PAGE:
Construction on Longer Runway Begins at Municipal Airport
October 9, 2015
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  • After 19 years of planning, political fighting and searching for funding, Lee’s Summit Municipal Airport started construction on extending its major runway in hopes of attracting more corporate jet traffic this week.

    The City Council recently voted to accept grants to pay for earthwork on the north-south runway, known as 18/36, starting on increasing its length from to 4,014 feet to 5,500 feet.

    The city is celebrating with a groundbreaking today at 2 p.m. at the airport’s east ramp located at Hagen and Leinweber roads.

    “It’s been a challenge, yet the way things happen in the world of aviation, it’s not that unusual,” said Ken Stremming, chairman of the city’s Board of Aeronautical Commissioners. He said building and operating airports often spawn controversy.

    Stremming, a pilot, said he learned to fly at the airport in 1977 when it was a private air field; it was later purchased by the city. Stremming said he has used the airport for business trips in private planes, in his 30-year career selling for pharmaceutical company, and as a charter pilot.

    “I think people would be surprised by the number of corporations from outside Lee’s Summit that use that airport,” Stremming said. Some have executives regularly visit from corporate home offices; others are coming to visit sites in the area looking for expansion opportunities.

    “We are very excited to see the culmination of many years of preparation with the actual groundbreaking for the new airport expansion,” said Bill Brown, chairman of The Lee’s Summit Economic Development Council. “With the continued growth and development in Lee’s Summit and Eastern Jackson County, an airport, with the ability to provide for larger airplanes and greater air traffic, is a very good fit with our economic development efforts.”

    The project’s contractor, Emery Sapp & Sons Inc., is clearing land and relocating water main and sewer, along with other necessary preparations for paving a longer runway.

    The Federal Aviation Administration is providing a grant in the amount of nearly $7 million for this phase of construction, paying 90 percent of costs for construction and inspection, with the state and Lee’s Summit each contributing $378,175.

    Paving for the runway is expected to begin in 12 months at the earliest and is anticipated to take from 12 to 18 months to be completed. City officials are waiting for final approval of grants, but they are in the capital improvement spending plans of both the FAA and MoDOT.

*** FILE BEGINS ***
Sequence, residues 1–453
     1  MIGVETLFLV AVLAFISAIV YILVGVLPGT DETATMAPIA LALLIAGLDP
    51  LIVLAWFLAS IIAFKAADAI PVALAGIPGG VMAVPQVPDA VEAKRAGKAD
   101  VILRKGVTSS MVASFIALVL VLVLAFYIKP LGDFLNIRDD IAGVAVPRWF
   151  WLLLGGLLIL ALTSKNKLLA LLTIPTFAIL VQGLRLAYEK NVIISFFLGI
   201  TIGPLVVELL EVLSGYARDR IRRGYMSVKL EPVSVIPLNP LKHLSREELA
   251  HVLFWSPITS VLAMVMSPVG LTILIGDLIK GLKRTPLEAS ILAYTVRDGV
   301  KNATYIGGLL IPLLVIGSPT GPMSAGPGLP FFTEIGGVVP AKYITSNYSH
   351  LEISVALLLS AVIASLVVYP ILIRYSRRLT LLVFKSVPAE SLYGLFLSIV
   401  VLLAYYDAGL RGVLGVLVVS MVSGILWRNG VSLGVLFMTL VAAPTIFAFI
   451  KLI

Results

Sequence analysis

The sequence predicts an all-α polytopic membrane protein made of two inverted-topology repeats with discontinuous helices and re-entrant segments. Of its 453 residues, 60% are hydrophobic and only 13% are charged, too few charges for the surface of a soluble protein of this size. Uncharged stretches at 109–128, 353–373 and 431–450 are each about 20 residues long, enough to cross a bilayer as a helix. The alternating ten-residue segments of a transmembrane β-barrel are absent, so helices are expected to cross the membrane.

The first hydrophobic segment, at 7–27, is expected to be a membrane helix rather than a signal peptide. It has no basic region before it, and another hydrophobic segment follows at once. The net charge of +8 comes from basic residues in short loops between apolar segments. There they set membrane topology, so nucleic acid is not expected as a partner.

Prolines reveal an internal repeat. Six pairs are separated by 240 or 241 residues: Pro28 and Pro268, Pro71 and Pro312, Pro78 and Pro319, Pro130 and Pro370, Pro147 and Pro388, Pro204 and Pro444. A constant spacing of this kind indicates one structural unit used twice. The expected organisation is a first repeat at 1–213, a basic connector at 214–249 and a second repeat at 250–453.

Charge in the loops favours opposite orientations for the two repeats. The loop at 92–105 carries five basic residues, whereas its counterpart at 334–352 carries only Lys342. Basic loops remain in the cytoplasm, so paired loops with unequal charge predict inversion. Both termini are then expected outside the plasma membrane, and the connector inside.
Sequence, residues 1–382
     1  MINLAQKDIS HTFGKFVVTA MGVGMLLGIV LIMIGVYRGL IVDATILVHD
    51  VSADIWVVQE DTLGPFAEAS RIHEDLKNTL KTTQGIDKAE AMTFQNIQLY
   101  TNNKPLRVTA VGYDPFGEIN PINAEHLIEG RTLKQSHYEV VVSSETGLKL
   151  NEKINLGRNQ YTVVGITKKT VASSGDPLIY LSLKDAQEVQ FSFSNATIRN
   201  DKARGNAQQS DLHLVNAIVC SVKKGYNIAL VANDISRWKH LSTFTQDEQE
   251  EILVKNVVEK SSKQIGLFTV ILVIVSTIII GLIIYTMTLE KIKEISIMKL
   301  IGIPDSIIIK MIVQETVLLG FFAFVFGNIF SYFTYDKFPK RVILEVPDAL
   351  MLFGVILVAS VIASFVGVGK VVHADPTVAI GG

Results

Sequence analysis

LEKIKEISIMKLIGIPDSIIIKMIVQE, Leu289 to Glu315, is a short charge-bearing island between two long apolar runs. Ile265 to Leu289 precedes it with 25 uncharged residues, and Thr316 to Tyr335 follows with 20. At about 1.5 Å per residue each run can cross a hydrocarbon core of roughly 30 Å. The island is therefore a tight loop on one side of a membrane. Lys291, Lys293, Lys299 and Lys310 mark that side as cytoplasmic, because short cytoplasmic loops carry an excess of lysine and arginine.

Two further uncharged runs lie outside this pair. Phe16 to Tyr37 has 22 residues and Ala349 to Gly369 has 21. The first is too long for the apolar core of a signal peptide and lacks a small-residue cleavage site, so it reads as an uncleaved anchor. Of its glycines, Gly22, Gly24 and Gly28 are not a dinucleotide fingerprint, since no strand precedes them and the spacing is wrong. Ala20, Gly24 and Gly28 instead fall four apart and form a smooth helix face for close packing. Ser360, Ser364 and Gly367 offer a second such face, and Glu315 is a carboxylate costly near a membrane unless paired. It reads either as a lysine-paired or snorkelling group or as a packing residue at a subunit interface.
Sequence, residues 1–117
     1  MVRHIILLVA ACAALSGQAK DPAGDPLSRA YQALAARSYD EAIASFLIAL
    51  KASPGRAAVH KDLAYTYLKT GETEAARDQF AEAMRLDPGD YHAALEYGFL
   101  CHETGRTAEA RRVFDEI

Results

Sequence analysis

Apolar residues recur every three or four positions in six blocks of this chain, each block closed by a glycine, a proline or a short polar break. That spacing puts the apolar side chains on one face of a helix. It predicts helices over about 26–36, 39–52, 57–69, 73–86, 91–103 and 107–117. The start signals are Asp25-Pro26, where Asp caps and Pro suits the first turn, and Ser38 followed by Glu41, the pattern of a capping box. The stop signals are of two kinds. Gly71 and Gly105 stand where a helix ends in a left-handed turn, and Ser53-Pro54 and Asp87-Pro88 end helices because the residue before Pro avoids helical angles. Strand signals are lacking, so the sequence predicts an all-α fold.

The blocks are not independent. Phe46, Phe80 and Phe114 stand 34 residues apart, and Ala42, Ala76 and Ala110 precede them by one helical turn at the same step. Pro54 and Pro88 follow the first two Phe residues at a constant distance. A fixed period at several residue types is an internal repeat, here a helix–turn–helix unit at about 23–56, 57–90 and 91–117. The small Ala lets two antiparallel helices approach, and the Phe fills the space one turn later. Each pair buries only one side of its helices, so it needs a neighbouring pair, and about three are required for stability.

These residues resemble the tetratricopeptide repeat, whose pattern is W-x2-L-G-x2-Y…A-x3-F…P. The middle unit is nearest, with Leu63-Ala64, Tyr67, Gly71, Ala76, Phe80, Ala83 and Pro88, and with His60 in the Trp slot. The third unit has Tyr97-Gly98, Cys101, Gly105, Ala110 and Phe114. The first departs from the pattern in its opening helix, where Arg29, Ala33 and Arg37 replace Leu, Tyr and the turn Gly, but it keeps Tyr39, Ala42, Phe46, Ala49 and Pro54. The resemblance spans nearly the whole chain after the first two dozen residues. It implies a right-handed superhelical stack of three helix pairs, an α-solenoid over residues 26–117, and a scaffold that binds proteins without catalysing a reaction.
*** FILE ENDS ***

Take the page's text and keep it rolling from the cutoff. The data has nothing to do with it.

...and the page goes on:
Getting funding for the city share was a struggle because of opposition from some council members and residents who live closest to the airport. Some complaints were financial, because the airport has tended to be a little short of covering its operating costs f or many years.

    During the interim, there have been many other airport improvements in anticipation of the longer runway, such as acquiring land for a buffer, moving hangars and rebuilding taxiways to support the two runways. The city embarked on a project for public/private partnership for building the new hangars.

    Opponents over the decades tried to block expansion by attempting to limit funding, once with a charter amendment that failed. They asked that funding come from a property tax devoted to the airport that would be voted on by residents, saying residents should have opportunity to decide the issue, but that was never put on the ballot by the city council.

    Various sitting councils reached compromises that kept incremental financing of the project alive, particularly after a group of business leaders formed The Friends of Lee’s Summit Airport to support it politically.

    Opponents often focused on noise and safety worries from increased air traffic.

    At one time, the city looked at getting approval for an air traffic control tower to answer those fears, but the Federal Aviation Administration determined the number of flights weren’t sufficient to warrant that cost. To address noise issues, airport managers did create new flight paths for landing and departing planes, which helped reduce the noise over neighborhoods. The city commissioned consultants to come up with a business plan to make the airport a bigger financial success; the consultants endorsed the idea of longer runway.

    The improved runways won’t bring major jetliners, but they are expected to make the airport more attractive to corporate jets.

    Stremming said the longer runway will make it safer for jets with full fuel tanks to take off. Many of the jets using the facility are limited to partially filled fuel tanks, Stremming said, because the runway is too short to take off with the heavier load of a full tank, particularly in hot weather.

    He said corporate pilots prefer to fly non-stop to the next destination, instead of making little hops and refueling, so boosting the amount of fuel they can carry from Lee’s Summit will encourage them to use the airport.

    The two main revenue sources for operating the airport are fuels sales and hangar rentals, and the expansion is hoped to spur more of both.

    About 50,000 take-offs and landings occur annually at the airport according to the city.

    The fight was finally exhausted when the city studied the possibility of selling the airport and learned it can’t, primarily because of the federal investment in the expansion, said Mayor Randy Rhoads.

    “When federal money was accepted years ago, before I was on the council, that kind of locked us into the airport, so let’s manage it the best we can,” Rhoads said.